Best Gingerbread People Ever

gingerbread-men.jpgThere was a lot of holiday cookie talk on Twitter yesterday, which reminded me that I wanted to share a fantastic recipe for gingerbread people (we're equal opportunity bakers around here). Derived from my trustworthy Baking Illustrated, what I love about these cookies is that they aren’t rock hard crunchy -- testing your dental strength and spraying crumbs all over your shirt with each bite. These cookies are a touch crispy around the edges but chewy throughout, and the sweetness level (not overly sweet) is just right. Laurel and I made these cookies for a holiday party last weekend and people went crazy over them.
I used the cookie recipe from Baking Illustrated, and in the absence of an accompanying icing recipe (odd!), dug up an icing recipe in Nick Malgieri’s How to Bake (I’ll also need to test Nick’s gingerbread cookies some time). I was a little weirded out by the idea of using raw egg white in the icing but apparently that’s how it’s done. The icing hardened up beautifully, just like bakery cookies.

Laurel had a grand time decorating the cookies; I simply cut the corner off a plastic bag and filled it with frosting. She has a remarkably steady hand and decorated the entire batch herself.

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Thick and Chewy Gingerbread Cookies*

*I'm listing the title as it appears in the book so it's easy to find if you purchase Baking Illustrated, but I modified the process and directions from the original since I wanted thinner cookies (the original recipe calls for rolling out dough to ¼” and no additional flour is used in rolling out).

  • 3 cups unbleached all purpose flour
  • 3/4 cup packed dark brown sugar
  • 3/4 teaspoon baking soda
  • 1 tablespoon ground cinnamon
  • 1 tablespoon ground ginger
  • 1/2 teaspoon ground cloves
  • 1/2 teaspoon salt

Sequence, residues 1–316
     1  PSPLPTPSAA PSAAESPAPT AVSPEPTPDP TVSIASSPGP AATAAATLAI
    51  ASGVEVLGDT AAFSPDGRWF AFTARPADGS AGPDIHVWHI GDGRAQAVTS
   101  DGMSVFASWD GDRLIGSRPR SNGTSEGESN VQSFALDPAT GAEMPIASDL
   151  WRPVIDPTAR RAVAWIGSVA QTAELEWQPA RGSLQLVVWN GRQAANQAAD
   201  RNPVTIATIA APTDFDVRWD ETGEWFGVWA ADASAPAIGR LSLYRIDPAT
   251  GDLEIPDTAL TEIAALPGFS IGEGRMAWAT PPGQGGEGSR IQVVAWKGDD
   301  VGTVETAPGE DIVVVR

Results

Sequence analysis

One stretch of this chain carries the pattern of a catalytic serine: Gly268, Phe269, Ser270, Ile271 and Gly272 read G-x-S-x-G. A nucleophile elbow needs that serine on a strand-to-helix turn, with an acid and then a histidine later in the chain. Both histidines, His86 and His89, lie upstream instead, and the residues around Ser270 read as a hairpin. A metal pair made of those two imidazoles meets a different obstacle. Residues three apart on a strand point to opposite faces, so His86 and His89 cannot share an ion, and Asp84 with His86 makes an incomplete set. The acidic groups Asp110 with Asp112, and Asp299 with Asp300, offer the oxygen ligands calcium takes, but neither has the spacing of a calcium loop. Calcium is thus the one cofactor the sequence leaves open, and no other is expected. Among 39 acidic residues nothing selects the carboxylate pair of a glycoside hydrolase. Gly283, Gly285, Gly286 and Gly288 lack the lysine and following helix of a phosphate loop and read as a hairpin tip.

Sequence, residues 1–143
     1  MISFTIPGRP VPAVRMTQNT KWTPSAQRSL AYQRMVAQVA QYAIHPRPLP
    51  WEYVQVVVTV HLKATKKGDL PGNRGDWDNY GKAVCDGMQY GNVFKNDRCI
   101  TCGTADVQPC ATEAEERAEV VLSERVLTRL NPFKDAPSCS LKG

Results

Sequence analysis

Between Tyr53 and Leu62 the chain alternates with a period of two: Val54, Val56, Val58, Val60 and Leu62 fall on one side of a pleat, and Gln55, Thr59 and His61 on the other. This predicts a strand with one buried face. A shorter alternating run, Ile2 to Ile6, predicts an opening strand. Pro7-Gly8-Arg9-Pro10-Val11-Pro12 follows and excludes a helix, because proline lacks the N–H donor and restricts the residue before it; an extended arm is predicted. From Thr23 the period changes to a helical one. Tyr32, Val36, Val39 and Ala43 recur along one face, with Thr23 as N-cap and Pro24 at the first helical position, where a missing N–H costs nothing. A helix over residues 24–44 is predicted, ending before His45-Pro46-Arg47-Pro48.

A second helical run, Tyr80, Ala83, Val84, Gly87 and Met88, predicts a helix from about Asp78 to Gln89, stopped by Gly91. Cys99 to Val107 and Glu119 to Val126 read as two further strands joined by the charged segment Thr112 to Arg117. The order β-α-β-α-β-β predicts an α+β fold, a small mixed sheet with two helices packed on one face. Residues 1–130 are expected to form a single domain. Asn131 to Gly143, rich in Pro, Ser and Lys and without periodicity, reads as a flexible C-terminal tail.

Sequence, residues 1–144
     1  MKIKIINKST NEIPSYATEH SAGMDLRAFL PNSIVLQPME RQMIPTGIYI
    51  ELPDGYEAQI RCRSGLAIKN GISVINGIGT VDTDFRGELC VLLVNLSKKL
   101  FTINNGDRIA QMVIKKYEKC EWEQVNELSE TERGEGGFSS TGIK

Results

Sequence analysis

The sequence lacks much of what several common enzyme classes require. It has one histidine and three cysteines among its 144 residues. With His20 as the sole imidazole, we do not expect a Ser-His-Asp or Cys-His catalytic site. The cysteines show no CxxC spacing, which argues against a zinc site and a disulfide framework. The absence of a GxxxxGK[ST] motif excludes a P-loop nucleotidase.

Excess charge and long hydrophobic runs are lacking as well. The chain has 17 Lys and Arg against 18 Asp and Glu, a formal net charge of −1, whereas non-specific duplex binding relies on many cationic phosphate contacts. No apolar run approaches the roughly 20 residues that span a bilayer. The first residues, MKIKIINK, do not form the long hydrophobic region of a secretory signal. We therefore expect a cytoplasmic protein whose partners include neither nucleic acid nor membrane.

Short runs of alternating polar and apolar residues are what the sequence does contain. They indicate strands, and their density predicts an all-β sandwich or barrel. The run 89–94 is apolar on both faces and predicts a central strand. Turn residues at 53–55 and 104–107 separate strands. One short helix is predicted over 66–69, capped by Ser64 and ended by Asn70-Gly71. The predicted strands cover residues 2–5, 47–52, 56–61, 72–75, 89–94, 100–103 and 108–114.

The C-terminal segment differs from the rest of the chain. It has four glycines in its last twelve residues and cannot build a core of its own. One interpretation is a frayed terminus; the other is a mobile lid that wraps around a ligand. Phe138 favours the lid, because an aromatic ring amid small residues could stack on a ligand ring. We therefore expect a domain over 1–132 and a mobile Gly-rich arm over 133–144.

• 12 tablespoons (1 ½ stick) unsalted butter, softened but still cool, cut into 12 pieces
  • 3/4 cup molasses
  • 2 tablespoons milk

    1. Process dry ingredients (flour through salt) in a food processor until combined, about 10 seconds. Scatter butter pieces over flour mixture and process until mixture is sandy and resembles fine meal, about 15 seconds. With machine running, gradually add molasses and milk; process until dough is evenly moistened and forms a soft mass, about 10 seconds. (You can also follow this process with a hand mixer.)

    2. Divide dough into four pieces. If dough feels sticky, sprinkle with flour until it firms up a bit (and isn’t spiky sticky). Then roll out dough between two sheets of parchment until about 1/8” thick. Leave dough between parchment layers and place in freezer until firm (about 10 minutes). You can also make the dough the day before and refrigerate sheets overnight. Note: this refrigeration/freezing process is important! The dough will cut and release easier from the cookie cutters when very firm.

    3. Adjust oven racks to upper and lower positions and heat to 350 degrees. Spray baking sheets with nonstick spray, or use a Silpat mat (I adore these mats; they make cookie edges come out perfect every time). Remove one dough sheet and peel off top parchment sheet and gently lay back in place. Flip over and peel off other sheet. Cut gingerbread shapes (we used 3 inch cookie cutters). Transfer shapes to sheet, spacing about ¾ inch apart. Collect scraps and roll out between parchment and freeze as above. Repeat process until all dough is used up.

    4. Bake cookies until set in the center and dough barely retains an imprint when touched very gently with a fingertip, about 8 minutes. Do not overbake. Cool cookies on sheets 2 minutes then transfer to a wire rack. Allow to cool completely.

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    Decorating Icing

    Malgieri's recipe calls for 1 pound confectioners’ sugar, 3 large egg whites, 1 drop of lemon juice or vinegar (and food coloring if you wish). Simply mix together until smooth. I cut the recipe in half and it was plenty. If you’re just doing simple line and dot decorations (i.e., not covering the whole cookie) as Laurel did, you could go with 1/3 of the recipe so you only need to crack one egg. That is what I will do next time.

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    My little worker bee...